– Frequently Asked Questions –
WHY DO WE NEED CARBOHYDRATES?
WHY DO WE NEED PROTEIN?
According to the Dietary Reference Intakes published by the USDA 10% – 35% of calories should come from protein. Most Americans get plenty of protein, and easily meet this need by consuming a balanced diet. We need protein for:
Growth (especially important for children, teens, and pregnant women)
Making essential hormones and enzymes
Energy when carbohydrate is not available
Preserving lean muscle mass
Protein is found in meats, poultry, fish, meat substitutes, cheese, milk, nuts, legumes, and in smaller quantities in starchy foods and vegetables.
When we eat these types of foods, our body breaks down the protein that they contain into amino acids (the building blocks of proteins). Some amino acids are essential which means that we need to get them from our diet, and others are nonessential which means that our body can make them. Protein that comes from animal sources contains all of the essential amino acids that we need. Plant sources of protein, on the other hand, do not contain all of the essential amino acids.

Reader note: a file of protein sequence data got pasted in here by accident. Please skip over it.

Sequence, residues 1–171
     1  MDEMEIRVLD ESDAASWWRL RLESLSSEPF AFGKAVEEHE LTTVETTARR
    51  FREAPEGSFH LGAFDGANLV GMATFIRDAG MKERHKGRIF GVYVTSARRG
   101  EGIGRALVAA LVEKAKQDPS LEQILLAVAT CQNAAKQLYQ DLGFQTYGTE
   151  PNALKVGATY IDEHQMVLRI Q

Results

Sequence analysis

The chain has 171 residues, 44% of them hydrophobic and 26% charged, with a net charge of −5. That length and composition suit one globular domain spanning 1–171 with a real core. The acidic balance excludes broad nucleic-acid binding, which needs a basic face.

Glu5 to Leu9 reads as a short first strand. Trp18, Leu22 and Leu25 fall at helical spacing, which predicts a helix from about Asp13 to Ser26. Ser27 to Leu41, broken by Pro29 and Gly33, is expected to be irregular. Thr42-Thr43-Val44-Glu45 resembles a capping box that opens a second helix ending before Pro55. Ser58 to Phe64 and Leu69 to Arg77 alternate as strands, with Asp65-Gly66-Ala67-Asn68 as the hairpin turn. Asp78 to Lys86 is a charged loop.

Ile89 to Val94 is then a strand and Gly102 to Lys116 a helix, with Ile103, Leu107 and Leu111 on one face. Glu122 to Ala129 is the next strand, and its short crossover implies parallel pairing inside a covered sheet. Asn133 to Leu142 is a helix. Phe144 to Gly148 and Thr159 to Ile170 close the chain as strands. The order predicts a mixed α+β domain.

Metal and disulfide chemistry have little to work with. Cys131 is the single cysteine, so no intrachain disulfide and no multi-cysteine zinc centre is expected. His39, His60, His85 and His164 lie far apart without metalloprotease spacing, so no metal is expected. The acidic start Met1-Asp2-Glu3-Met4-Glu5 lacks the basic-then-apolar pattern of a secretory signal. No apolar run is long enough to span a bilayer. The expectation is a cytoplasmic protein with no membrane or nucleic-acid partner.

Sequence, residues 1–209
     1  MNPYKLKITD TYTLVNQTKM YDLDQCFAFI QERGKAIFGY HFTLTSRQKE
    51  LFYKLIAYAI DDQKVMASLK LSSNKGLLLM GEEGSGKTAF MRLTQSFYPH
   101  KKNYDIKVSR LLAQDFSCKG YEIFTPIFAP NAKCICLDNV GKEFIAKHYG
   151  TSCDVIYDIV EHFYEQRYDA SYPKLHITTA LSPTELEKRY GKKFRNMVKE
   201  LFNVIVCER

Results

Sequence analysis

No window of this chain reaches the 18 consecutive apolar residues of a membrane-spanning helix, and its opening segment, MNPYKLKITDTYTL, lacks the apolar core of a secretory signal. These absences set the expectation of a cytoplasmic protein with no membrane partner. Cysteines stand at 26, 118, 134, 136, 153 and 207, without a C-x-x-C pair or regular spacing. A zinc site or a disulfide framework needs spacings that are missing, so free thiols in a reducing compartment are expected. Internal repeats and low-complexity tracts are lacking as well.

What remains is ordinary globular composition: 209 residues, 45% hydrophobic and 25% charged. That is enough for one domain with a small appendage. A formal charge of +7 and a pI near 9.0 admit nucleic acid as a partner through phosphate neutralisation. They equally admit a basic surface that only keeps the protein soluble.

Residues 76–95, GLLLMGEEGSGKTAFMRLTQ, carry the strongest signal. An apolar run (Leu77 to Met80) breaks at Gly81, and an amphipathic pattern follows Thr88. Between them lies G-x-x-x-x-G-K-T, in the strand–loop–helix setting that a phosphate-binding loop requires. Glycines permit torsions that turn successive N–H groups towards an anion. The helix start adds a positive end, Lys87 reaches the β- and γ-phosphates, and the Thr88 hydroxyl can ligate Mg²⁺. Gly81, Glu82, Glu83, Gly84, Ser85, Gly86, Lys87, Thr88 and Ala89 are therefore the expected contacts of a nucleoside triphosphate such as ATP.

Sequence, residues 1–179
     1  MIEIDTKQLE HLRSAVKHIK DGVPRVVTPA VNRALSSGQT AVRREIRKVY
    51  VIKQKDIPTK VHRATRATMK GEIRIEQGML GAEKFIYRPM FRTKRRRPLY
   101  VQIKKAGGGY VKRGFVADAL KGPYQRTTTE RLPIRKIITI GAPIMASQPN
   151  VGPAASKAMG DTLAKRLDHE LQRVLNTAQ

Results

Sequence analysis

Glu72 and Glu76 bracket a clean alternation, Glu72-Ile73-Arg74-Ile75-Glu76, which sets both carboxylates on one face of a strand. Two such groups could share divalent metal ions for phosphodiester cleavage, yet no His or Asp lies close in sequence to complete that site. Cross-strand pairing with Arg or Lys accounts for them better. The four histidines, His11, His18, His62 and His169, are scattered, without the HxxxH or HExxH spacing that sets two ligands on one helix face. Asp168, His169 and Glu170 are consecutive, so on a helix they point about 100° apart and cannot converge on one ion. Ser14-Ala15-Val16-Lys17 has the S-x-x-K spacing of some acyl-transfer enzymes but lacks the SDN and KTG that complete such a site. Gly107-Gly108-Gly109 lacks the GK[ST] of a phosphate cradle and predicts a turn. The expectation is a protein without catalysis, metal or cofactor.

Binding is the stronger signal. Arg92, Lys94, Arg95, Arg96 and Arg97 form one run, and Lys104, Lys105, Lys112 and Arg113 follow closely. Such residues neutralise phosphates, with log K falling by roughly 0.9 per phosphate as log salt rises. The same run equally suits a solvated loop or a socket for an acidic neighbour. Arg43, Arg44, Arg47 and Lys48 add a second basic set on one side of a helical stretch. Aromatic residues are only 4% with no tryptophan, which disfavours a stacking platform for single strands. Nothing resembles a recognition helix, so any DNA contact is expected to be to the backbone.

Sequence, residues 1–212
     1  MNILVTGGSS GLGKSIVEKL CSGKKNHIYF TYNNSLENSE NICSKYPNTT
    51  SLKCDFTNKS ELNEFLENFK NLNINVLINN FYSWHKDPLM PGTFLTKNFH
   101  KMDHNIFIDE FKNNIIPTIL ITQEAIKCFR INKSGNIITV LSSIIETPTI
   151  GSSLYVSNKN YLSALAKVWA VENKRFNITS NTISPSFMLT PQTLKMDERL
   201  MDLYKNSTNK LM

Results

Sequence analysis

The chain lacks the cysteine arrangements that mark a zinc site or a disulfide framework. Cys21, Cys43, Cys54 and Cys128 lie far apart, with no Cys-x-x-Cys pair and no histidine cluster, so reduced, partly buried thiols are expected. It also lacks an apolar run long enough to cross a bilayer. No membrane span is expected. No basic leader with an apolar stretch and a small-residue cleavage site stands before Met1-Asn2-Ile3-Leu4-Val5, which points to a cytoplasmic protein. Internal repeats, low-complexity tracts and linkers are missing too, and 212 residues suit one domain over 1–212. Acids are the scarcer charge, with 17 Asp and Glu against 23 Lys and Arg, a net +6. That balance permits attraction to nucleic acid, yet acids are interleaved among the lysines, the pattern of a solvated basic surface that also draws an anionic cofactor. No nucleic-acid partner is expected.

WHY DO WE NEED FAT?
Although fats have received a bad reputation for causing weight gain, some fat is essential for survival. According to the Dietary Reference Intakes published by the USDA 20% – 35% of calories should come from fat. We need this amount of fat for:
Normal growth and development
Energy (fat is the most concentrated source of energy)
Absorbing certain vitamins ( like vitamins A, D, E, K, and carotenoids)
Providing cushioning for the organs
Maintaining cell membranes
Providing taste, consistency, and stability to foods
Fat is found in meat, poultry, nuts, milk products, butters and margarines, oils, lard, fish, grain products and salad dressings. There are three main types of fat, saturated fat, unsaturated fat, and trans fat. Saturated fat (found in foods like meat, butter, lard, and cream) and trans fat (found in baked goods, snack foods, fried foods, and margarines) have been shown to increase your risk for heart disease. Replacing saturated and trans fat in your diet with unsaturated fat (found in foods like olive oil, avocados, nuts, and canola oil) has been shown decrease the risk of developing heart disease.
A QUICK NOTE ON MICRONUTRIENTS
Although macronutrients are very important they are not the only things that we need for survival. Our bodies also need water and micronutrients. Micronutrients are nutrients that our bodies need in smaller amounts, and include vitamins and minerals. (See the Vitamins and Minerals handout for more information).